A strange mixture of big talk and budget pricing
The NZXT Zero II’s got a pretty face, but the body ain’t much.
Installing a system in the NZXT Zero II is like taking a trip back to the first half of this decade. Although the front panel cover is nice—all smooth, curved lines and blue lighting, with a handy magnetic clasp—the interior of this 21x21.1x8.2-inch case seems downright primitive and unfinished compared to the other cases in this roundup. The five 5.25-inch drive bays as well as the two external and six internal 3.5-inch HDD bays are toolless, albeit utilizing old-fashioned clip-in rails rather than an in-case mechanism or fancier bracket.
The NZXT Zero II is much more spartan than the rest of this roundup.
The case comes with three fans and slots for six more—four on the door, one on the bottom, and one on the top—but the net effect is that it looks incomplete. The Zero II is built of flimsier metal than the rest of the cases covered here, although the Zero is roughly a third of the price of Cooler Master’s offering, and less than a sixth the price of the ABS Canyon.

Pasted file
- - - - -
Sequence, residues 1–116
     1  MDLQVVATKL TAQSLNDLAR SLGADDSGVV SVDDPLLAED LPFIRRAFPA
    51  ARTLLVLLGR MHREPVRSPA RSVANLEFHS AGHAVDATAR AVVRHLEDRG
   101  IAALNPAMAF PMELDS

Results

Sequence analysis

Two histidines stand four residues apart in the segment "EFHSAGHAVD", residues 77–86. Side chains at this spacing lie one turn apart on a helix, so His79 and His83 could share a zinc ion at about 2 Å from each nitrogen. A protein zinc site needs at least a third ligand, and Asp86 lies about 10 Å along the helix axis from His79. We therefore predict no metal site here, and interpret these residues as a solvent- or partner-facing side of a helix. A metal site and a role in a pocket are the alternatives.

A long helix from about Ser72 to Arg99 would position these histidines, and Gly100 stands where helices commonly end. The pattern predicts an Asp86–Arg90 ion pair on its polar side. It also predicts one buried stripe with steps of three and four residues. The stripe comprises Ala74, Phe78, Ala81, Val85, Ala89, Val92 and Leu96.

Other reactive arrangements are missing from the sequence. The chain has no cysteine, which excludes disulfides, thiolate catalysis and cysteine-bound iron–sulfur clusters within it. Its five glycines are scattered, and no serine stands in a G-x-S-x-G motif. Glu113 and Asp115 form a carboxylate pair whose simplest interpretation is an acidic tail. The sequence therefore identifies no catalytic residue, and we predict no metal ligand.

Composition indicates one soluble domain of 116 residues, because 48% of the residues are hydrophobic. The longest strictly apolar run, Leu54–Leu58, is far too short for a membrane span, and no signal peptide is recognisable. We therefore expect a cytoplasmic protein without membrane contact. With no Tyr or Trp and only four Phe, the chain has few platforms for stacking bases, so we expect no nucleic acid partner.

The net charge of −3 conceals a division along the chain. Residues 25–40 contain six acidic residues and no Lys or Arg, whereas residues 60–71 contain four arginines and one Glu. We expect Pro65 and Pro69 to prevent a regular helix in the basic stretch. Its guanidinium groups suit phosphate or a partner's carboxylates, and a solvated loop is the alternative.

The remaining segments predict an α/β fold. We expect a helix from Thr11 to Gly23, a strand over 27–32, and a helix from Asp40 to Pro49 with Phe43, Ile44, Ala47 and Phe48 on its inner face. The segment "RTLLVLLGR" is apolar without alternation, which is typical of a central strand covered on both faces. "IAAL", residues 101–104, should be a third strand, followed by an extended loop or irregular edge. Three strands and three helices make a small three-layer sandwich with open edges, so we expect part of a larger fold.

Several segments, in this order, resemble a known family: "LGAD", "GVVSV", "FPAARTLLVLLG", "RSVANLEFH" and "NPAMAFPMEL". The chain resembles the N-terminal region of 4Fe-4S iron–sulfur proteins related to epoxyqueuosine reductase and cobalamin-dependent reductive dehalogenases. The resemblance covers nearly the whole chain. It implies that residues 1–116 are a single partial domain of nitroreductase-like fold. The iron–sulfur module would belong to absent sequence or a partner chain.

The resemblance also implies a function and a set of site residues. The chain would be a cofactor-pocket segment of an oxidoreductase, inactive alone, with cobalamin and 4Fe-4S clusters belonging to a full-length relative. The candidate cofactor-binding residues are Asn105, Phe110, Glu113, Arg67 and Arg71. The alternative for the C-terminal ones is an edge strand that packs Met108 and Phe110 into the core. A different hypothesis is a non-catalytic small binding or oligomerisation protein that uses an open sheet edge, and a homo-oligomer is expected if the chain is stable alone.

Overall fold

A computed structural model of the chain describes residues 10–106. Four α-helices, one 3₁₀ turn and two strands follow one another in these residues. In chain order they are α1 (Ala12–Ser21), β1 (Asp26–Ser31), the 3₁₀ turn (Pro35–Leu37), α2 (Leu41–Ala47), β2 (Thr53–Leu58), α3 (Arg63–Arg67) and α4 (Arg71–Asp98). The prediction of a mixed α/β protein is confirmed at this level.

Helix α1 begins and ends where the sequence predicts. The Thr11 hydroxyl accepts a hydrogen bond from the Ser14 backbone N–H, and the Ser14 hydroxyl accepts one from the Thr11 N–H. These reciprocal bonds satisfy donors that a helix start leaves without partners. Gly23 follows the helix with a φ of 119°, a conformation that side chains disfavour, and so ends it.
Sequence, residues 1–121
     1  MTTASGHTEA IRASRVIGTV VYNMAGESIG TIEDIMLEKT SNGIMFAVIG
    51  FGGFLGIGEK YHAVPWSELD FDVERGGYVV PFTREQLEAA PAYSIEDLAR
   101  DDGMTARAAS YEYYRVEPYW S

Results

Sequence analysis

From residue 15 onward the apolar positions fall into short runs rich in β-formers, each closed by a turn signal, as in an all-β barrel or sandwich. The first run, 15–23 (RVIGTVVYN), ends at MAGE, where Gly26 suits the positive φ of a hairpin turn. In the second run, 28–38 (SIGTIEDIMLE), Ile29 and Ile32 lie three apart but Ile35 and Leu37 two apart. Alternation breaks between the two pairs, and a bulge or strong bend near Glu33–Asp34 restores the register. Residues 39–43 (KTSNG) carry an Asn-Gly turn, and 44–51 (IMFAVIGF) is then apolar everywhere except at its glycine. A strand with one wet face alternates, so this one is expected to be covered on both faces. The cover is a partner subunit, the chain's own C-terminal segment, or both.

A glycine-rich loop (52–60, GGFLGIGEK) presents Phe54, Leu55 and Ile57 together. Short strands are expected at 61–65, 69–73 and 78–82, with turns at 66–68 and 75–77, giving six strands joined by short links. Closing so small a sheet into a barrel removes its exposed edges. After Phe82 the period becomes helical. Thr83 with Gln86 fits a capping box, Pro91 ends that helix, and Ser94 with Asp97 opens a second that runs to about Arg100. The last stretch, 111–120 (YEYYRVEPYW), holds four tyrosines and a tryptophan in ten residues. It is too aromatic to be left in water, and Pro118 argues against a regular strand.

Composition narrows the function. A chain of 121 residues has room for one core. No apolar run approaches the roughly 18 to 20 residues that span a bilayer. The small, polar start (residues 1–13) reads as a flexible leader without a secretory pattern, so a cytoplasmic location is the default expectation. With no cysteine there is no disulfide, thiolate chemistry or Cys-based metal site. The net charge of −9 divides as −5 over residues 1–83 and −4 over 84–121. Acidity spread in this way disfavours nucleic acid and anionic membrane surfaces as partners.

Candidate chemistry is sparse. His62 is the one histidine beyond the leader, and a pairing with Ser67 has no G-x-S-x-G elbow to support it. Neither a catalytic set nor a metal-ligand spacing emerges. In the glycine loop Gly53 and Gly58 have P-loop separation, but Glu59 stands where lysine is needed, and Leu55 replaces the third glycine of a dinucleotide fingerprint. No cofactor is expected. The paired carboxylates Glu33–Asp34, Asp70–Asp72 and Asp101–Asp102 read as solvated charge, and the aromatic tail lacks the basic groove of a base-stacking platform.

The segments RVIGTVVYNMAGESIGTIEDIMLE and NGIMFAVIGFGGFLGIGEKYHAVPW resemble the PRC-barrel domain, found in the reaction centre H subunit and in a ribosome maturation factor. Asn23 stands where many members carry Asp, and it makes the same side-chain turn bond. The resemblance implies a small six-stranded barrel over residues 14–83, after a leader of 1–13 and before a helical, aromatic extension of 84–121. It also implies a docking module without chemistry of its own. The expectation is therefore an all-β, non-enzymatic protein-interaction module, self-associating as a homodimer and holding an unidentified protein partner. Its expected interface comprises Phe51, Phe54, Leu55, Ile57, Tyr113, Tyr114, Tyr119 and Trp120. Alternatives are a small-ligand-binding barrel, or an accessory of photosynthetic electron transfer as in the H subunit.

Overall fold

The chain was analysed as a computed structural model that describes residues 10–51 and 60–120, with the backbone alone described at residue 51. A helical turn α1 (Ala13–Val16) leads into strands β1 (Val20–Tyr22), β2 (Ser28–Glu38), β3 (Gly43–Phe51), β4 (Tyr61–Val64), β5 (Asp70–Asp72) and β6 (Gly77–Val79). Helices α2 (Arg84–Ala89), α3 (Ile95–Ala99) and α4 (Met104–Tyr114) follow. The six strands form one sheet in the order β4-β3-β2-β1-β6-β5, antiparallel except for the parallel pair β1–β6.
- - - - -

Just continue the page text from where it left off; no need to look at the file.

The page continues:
The hard-drive mounting system is a blast from the past. At least it’s screwless.
They say that the devil is in the details, and we found the Zero’s generally lacking. The front (technically top, in this case) panel features a measly two USB ports, audio in/out, and eSATA. At least we get eSATA! PCI expansion slots are covered with dinky bits of metal that are, without an extra-long, skinny screwdriver, very hard to remove. The front bezels are stamped in and need to be pried off manually. Even the thumbscrews manage to look cheap.
If you’re a modder or you provide your own fans, you might not mind the slip-shod paint job or the lack of fans here.
The Zero is decent for a budget case, and not bad looking. Modders and folks who bring their own fans will appreciate the mounts waiting for them. But compared to the level of detail and build quality of the other cases in this roundup, the Zero doesn’t measure up.